And it is because of this immense promise that I intend to focus my international work as First Lady on engaging young people just like you all around the world...Because we [President Obama and me] know that ambition and ability are found in every corner of the globe. The question is, how do we ensure that opportunity is, too?

-Por eso decía yo arriba, el discurso es un tipo de "inauguration speech" de Michelle Obama.

[l]eaders and governments can’t shoulder this responsibility alone. Ordinary citizens must share the responsibility as well -– and that includes young people.
And it’s not just enough just to change laws and policies. We must also change our perceptions about who can and who can’t succeed. We have to confront the wrong and outdated ideas and assumptions that only certain young people deserve to be educated; or that girls aren’t as capable as boys; or that some young people are less worthy of opportunities because of their religion or disability or ethnicity or socioeconomic class -- because we have seen time and again that potential can be found in some of the most unlikely places.

- La idea muy gringa del God given potential. Oportunidades iguales para todos. Michelle Obama cuenta su historia y la de Obama.

[b]ack when we were young, no one could have predicted that one day we would become the President and First Lady of the United States of America.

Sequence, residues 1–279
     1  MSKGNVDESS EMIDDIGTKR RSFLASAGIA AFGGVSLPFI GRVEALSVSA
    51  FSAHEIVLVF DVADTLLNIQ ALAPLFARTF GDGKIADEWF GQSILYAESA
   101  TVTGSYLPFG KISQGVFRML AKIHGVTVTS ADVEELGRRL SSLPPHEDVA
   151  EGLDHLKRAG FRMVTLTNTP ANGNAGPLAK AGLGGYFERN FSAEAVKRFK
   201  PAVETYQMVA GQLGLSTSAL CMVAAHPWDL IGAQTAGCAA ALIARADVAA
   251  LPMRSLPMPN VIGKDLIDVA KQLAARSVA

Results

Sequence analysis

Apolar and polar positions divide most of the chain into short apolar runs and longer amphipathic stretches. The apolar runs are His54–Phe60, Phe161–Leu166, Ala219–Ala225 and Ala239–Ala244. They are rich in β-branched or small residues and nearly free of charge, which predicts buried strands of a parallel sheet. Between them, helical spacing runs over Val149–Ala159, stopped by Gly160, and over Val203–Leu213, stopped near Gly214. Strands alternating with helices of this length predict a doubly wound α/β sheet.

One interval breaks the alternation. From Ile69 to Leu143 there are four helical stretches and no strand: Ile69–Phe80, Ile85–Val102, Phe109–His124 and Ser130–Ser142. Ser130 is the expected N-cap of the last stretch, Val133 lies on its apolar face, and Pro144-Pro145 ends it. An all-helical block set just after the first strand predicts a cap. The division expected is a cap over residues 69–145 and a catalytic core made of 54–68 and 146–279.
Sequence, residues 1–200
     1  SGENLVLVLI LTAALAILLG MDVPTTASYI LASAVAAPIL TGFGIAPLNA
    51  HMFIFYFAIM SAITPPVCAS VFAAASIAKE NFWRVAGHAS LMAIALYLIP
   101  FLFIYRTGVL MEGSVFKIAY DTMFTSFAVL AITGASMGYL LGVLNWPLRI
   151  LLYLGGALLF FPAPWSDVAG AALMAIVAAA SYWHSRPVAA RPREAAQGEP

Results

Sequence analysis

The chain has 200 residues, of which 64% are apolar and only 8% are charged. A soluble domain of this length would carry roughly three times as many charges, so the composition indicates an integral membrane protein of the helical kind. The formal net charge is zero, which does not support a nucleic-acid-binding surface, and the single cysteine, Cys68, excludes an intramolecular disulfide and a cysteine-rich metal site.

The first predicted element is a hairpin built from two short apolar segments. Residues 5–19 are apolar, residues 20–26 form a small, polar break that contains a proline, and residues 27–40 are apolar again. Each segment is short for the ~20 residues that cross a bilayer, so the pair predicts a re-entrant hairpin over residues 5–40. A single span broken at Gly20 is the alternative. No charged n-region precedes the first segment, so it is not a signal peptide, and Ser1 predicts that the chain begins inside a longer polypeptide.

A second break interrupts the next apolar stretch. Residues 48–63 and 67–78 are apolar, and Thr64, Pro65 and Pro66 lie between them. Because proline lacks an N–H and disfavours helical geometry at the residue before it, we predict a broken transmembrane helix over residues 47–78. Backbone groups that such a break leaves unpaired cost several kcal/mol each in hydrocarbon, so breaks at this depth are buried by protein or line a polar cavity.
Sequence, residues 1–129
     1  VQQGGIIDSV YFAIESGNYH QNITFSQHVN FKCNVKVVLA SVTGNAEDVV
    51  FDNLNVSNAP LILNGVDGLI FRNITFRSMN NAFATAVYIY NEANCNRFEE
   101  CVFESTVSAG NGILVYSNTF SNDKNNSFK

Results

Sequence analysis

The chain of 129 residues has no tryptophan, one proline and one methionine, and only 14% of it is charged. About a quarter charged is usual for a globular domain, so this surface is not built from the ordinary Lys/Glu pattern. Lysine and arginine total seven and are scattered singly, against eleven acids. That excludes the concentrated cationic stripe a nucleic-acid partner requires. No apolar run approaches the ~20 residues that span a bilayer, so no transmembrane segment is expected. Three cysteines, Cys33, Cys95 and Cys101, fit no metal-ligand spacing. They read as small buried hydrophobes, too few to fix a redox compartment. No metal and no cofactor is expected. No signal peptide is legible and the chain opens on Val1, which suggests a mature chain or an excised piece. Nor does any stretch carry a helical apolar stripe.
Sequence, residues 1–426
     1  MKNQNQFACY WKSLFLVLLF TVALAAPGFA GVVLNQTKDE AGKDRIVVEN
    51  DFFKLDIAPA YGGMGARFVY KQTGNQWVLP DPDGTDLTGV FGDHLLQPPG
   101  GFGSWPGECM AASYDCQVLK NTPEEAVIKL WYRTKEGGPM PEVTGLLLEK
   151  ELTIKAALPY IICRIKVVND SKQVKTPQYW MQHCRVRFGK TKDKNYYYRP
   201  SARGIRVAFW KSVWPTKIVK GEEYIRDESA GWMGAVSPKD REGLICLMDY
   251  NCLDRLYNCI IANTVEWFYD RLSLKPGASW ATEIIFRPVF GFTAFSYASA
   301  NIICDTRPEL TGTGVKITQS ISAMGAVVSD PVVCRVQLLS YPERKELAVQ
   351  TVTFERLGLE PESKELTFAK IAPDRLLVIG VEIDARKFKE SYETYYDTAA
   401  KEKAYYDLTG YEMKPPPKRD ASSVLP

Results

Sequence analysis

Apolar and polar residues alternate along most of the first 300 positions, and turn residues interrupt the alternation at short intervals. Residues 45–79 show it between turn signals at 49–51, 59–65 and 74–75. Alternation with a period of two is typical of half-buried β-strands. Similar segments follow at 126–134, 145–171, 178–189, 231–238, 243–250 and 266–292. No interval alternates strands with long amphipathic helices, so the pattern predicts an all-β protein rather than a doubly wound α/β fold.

- Y entonces Michelle da en el corazoncito patriótico de su público (que falta nos hace tener héroes de talla internacional):

And our stories are not unique. They’re the stories of countless young people in Mexico, in the United States, and around the world who’ve worked hard and they’ve defied the odds. They’re the stories of young people throughout history who’ve succeeded not because of their trust fund, or pedigree, or their test scores, but because of challenges that tested and motivated them and made them who they are, and because someone somewhere believed in them and helped them believe in themselves.
When he was orphaned at a young age and sought work as a servant, no one could have imagined that Benito Juarez would one day become one of Mexico’s greatest presidents. But thanks to a Franciscan friar who helped him join a seminary and get an education, he was able to realize his gifts.

- Después vienen Abraham Lincoln, Juana de Arco. Esperen. ¿Juana de Arco? El punto era creer en alguien.

You see, throughout our world history, it has so often been that unlikely hero, that unusual perspective, that improbable journey that has been the key to our progress... [This is]also about breaking down barriers across the globe so that all our young people can learn and work and be productive members of our societies.
- Ah pero no crean chavos Ibero que ustedes ya la hicieron. Tienen que ayudar a los demás, a quienes no tuvieron o no tienen las mismas oportunidades que ustedes. Se trata de solidaridad y responsabilidad también.

[i]n order to open up opportunities for more young people –- the truth is that those of you who already have a seat at the table must do your part to make room for others who don’t. Young people around the world must reach out to help others realize their talents and make their voices heard...think, just for a moment, think about the mission statement of this university, and that is to prepare students, and I quote, “to engage in service to others and develop and spread knowledge to achieve a free, fair, united and productive society.”